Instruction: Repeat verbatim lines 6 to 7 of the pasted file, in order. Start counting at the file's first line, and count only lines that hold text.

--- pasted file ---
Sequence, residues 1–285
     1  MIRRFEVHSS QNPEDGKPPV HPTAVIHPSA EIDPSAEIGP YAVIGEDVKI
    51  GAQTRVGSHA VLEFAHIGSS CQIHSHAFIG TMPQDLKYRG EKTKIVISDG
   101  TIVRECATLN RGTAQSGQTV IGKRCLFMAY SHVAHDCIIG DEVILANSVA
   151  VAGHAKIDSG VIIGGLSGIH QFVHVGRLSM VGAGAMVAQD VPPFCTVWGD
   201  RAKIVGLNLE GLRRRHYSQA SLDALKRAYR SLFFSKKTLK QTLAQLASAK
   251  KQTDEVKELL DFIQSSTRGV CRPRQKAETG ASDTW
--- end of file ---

   201  RAKIVGLNLE GLRRRHYSQA SLDALKRAYR SLFFSKKTLK QTLAQLASAK
   251  KQTDEVKELL DFIQSSTRGV CRPRQKAETG ASDTW